Sun Aug 22 05:08:06 EDT 2004
"But, but, but, ... what about ME!?"
I guess I'm a bit disappointed that you didn't take up any (that I
could see) of my arguments in the thread between Matthew and myself.
Before I get into more long-winded arguments, I'd like to suggest at
least one ground rule in the discussion, namely that features or
specific properties of any proposal have some kind of rationale as
well as some examples of their specific use.
Now, assuming this ground rule, here are the most important highlights
I'm still in the dark as to rationale and specific use:
- I still fail to see why the top-level module system and the
local-scope one should be the same.
- In fact, nobody has introduced a specific rationale for a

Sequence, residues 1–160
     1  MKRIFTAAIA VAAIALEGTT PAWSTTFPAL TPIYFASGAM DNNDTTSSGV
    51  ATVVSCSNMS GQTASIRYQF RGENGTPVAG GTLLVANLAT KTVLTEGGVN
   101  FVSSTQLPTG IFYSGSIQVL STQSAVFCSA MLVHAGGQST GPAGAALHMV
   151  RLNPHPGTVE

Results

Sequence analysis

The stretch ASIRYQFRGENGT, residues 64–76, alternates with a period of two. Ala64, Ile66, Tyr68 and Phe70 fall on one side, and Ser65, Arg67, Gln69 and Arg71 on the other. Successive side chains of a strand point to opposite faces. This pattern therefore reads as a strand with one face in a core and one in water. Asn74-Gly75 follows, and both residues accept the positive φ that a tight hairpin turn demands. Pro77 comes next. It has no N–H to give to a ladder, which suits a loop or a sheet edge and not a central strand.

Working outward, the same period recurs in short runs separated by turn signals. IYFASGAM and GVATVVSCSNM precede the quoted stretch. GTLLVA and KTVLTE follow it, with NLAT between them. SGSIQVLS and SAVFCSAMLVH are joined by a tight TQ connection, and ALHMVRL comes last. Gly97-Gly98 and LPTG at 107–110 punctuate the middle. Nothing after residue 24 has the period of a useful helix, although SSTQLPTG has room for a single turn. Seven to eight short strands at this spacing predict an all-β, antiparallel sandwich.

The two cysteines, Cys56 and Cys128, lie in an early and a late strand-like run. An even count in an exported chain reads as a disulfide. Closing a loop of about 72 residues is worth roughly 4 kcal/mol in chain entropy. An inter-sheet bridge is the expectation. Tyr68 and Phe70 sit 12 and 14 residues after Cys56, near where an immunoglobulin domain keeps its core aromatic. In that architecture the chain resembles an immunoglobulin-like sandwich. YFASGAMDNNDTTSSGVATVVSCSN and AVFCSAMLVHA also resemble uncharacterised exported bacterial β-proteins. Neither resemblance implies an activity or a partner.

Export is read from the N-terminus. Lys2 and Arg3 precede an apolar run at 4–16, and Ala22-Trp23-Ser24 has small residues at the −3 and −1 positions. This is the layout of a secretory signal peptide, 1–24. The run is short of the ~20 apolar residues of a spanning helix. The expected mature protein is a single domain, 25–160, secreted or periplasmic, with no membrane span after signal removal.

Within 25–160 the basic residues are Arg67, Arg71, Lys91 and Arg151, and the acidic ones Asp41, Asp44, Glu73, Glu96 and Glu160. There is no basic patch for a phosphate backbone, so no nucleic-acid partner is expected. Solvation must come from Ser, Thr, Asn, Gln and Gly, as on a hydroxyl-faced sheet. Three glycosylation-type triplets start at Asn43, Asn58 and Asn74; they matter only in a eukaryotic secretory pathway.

local-scope module system at all---Matthew asked for examples ages
ago, but never got any.
[Personally, I think I believe that a local-scope module system is
useful, but I think it shouldn't be the same as the top-level one.]
Now, I believe Richard, Manuel and I have presented rationales for:
- separate interfaces
- a module language that isn't conflated with the regular language
- allowing several module definitions in one file
Could you guys respond to these?
Let me re-iterate that I think it's a bad idea procedurally to merge
the top-level and the local-scope module system first, and immediately
try hammer out a common proposal. I think it would be much better to
design them independently and then see if the commonalities justify
The same issue holds for a component system: I understand Matthew's
arguments as to why the top-level module system shouldn't be a
component system, and (I believe) Matthew understands my desire for
the (possibly eventual) need of a component system. This also seems
to suggest that it would be good to make separate designs first, and
look for commonalities after.
Cheers =8-} Mike
Friede, V?lkerverst?ndigung und ?berhaupt blabla
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